Then it came out that she was a New Ager, and believed in odd things (at least to my ears at the time) like karma and energy and that sort of thing. So I presented her with the gospel, without even thinking, really. And immediately -- bam! I saw her face contort and change, and the brick wall fly up, a hundred stories high. She left in quite a huff.

I remember feeling not the least bit ashamed by what I did. In fact I suppose it was even a proud moment, and in retrospect, I am certainly glad the Lord granted me the grace to stand my ground.

But, oh! How unashamed I was then where today I'd be quivering to say something, anything, to anyone. It's like I grew more timid rather than less. That doesn't seem to be the way Christian maturity is supposed to go (cf. 2 Tim. 1:7).

Anyway, thanks again for your post, Dan.

DJP said...

Wish I didn't know what you mean, Patrick, but I do.

The Lord saved me during my senior year of High School. I'd been taking a public speaking class. During the first part of the class, I'd given my pre-New-Agey, relativistic, who-can-really-talk-about-God? type talks without a qualm. Heck, I was in Drama -- plays, stufflikethatthere. No real nerves.

But then after conversion, of course, my talks changed -- and so did my demeanor? For the first time, butterflies in my stomach, dry mought, sweaty palms... Why?

FX Turk said...

I think it's because you were talking about something important.

Strange how when you're saying something that you might possibly screw up you get giddy.

Jonathan Hunt said...

Dan, amazing post and very helpful to me right now, thank you so much.


Craver Vii said...

God bless those boys of yours!

A friend was nervous about JW's visiting. I told her not to worry for herself, because if the Holy Spirit really lives inside, nobody can serve Him an eviction notice. She cannot know all the answers, but God has chosen her to be His, and appointed her to be Christ's ambassador.

When we debrief after sharing the Gospel, my pastor-friend asks, "And did anything bad happen?" So far, the answer has always been, "No."

We tend to build up this big monster under the bed, but when you turn the lights on, there's really nothing to be afraid of.

By the way, you cracked me up with the floppy trout thing...

donsands said...

Thanks for letting us share in how the Lord is working through your sons. And your humility humbles and encourages me.

Great stuff to read.

I wish I was less fearful. I can have a brave heart at times, and then other times timidity grips me.

I wish I could be more like your sons, and my grandsons.

PressingOn said...

Great post, Dan. Thanks for sharing it!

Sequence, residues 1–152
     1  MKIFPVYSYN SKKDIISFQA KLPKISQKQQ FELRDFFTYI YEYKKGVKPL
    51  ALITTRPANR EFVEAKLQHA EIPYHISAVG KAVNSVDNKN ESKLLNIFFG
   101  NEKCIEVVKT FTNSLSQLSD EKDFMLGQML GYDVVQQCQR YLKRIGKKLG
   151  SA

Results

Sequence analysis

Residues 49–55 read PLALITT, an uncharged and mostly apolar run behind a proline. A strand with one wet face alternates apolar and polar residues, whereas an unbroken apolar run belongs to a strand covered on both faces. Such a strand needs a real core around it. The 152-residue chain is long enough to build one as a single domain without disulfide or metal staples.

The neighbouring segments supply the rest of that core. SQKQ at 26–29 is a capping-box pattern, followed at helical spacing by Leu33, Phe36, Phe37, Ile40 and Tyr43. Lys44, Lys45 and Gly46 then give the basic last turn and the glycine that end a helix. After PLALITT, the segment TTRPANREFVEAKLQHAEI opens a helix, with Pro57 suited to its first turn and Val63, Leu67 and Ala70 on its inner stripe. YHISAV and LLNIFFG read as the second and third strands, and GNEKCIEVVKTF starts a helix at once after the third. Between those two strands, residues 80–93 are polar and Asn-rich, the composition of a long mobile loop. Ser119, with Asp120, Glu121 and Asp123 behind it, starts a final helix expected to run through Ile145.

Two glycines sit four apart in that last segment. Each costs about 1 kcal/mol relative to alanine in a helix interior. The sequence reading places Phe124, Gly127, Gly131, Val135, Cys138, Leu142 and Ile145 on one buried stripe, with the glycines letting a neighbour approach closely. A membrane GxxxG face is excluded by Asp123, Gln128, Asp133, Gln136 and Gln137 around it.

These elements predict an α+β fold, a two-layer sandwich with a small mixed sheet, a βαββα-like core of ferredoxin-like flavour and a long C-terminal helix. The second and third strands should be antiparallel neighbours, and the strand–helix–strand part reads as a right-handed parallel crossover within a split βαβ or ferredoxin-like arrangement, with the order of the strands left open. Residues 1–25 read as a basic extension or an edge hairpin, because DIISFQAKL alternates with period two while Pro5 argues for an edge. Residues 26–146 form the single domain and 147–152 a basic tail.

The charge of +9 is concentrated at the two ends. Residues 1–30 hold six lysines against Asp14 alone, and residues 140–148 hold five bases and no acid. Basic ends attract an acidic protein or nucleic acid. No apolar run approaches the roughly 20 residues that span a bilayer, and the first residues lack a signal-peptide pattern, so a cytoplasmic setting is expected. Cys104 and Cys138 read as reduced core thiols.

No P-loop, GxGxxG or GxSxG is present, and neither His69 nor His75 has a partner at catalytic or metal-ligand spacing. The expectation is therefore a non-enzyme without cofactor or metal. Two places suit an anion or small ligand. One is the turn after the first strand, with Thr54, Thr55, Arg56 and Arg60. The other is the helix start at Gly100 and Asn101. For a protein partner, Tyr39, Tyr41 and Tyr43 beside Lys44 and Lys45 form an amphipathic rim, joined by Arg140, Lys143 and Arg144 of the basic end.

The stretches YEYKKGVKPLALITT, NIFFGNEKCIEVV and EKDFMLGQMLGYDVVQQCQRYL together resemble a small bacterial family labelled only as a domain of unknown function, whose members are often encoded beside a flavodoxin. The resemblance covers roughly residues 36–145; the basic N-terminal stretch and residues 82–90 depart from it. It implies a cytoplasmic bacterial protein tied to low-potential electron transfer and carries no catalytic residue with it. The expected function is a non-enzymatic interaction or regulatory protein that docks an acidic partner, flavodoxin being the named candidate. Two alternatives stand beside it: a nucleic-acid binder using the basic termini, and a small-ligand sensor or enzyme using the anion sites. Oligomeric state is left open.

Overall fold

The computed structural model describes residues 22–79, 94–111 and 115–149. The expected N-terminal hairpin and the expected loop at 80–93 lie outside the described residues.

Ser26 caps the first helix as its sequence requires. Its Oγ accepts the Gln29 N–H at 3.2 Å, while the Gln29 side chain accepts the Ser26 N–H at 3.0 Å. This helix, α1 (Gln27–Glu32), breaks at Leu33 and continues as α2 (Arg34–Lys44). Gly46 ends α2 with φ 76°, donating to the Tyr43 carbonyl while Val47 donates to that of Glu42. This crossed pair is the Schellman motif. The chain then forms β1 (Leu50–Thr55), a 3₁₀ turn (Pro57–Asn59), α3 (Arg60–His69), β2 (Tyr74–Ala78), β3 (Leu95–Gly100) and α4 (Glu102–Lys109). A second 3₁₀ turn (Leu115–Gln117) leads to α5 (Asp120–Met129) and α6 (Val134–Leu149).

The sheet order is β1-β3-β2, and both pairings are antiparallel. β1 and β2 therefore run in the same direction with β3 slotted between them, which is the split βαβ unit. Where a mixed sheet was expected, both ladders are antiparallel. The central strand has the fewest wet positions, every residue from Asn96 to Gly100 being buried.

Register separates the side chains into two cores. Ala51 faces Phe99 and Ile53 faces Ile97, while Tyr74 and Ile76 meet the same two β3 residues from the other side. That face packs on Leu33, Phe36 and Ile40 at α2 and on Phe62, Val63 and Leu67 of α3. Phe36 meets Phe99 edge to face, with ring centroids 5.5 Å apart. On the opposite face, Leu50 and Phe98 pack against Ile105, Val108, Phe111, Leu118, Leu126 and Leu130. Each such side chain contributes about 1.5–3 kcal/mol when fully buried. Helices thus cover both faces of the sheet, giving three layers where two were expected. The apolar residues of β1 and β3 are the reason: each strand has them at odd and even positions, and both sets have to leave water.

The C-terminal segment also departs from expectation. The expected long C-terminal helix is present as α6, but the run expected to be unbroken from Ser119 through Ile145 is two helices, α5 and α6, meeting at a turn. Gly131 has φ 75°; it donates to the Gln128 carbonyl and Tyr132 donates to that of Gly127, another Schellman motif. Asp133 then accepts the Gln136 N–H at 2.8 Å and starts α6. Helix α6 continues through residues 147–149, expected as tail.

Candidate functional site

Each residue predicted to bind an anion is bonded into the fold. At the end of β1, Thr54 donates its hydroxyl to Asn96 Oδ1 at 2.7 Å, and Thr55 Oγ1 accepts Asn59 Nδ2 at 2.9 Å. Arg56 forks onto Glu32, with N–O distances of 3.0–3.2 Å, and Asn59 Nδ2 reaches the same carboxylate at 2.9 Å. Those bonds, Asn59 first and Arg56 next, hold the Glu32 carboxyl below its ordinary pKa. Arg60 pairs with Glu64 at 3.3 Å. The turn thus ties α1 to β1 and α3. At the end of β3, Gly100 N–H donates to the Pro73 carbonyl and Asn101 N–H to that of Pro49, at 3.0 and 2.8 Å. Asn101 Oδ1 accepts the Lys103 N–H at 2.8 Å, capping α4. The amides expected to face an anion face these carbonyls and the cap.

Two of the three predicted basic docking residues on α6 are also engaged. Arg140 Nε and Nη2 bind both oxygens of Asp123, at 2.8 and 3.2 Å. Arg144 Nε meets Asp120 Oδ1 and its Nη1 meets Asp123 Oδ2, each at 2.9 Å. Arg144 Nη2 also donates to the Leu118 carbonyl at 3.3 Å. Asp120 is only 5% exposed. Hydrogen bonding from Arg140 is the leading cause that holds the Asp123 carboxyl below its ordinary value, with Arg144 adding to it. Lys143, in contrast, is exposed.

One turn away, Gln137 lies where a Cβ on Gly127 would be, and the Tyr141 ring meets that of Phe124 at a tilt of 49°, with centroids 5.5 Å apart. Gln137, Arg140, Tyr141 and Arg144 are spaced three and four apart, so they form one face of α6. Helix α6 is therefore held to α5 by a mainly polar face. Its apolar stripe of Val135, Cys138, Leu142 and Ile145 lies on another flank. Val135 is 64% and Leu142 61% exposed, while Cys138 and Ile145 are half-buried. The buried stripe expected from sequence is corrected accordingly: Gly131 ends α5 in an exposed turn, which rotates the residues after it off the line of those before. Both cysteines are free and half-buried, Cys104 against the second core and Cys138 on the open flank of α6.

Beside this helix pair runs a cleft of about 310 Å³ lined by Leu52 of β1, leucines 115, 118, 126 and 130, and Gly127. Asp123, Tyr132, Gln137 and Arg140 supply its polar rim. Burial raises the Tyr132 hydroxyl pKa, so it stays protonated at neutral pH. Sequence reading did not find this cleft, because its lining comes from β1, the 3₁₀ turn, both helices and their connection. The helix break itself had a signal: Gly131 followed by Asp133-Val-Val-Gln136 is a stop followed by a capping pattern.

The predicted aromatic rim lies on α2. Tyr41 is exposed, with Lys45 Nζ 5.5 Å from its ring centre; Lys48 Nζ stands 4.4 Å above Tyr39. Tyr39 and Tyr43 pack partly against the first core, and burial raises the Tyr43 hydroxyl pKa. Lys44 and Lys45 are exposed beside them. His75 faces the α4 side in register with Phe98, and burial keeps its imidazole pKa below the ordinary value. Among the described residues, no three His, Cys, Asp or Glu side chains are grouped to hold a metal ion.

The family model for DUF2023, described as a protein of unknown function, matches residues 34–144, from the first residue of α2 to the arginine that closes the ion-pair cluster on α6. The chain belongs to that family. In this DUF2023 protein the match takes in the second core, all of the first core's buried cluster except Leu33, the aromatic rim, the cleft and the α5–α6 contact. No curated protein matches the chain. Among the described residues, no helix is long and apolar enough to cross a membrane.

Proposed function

I've had similar experiences with my son. Earlier this year, he and his friend came up with an interesting plan for sharing the Gospel with the neighborhood kids. Both my son and his friend are homeschooled, but there is a public school two streets from our home.

Each day at the close of the school day, they would grab their backpacks and their gospel tracts. They would walk to the school and start walking home with the kids. As they would talk and get to know them they would share their tracts with them. They would also strategically place those fake money tracts on the ground and watch kids pick them up and start reading them.

I actually had some trepidation that there would be some kind of backlash from the neighbors about this "behavior." Sigh.....

I truly don't know where he got the motivation for this. I'm ashamed to say that he didn't see me doing it first. What a blessing it was for his father and I to see his commitment and zeal for seeing other kids come to know the Lord.

I pray that our kids will all grow up to be great men and women of God who fear no man's scorn!

Matt Gumm said...

Ooh, that's good! That's like a bi-directional multi-generational smackdown!

Still laughing about this one.

Daniel said...

Excellent post Daniel! It calls to mind an encounter I had while waiting for my bus on the way home one winter's day.

I had just finished a day at work wherein I knew I had slacked off, and I felt like a phoney Christian because I knew better - and were that not enough, in my shame (read: pride) I was struggling against talking to God about my failure, as irrational as that sounds.

As I was frumping along in my private thoughts some young man, with a smile big as all outdoors comes up and asks me about when the bus is coming. I gave him the curt sort of answer that simultaneously provides him with the information requested, while broadcasting my obvious unwillingness to engage in conversation at that moment.

But the fellow was mentally handicapped - I hadn't noticed at first, because there were no visual cues - it wasn't until he started to really talk that his simplicity evidenced itself.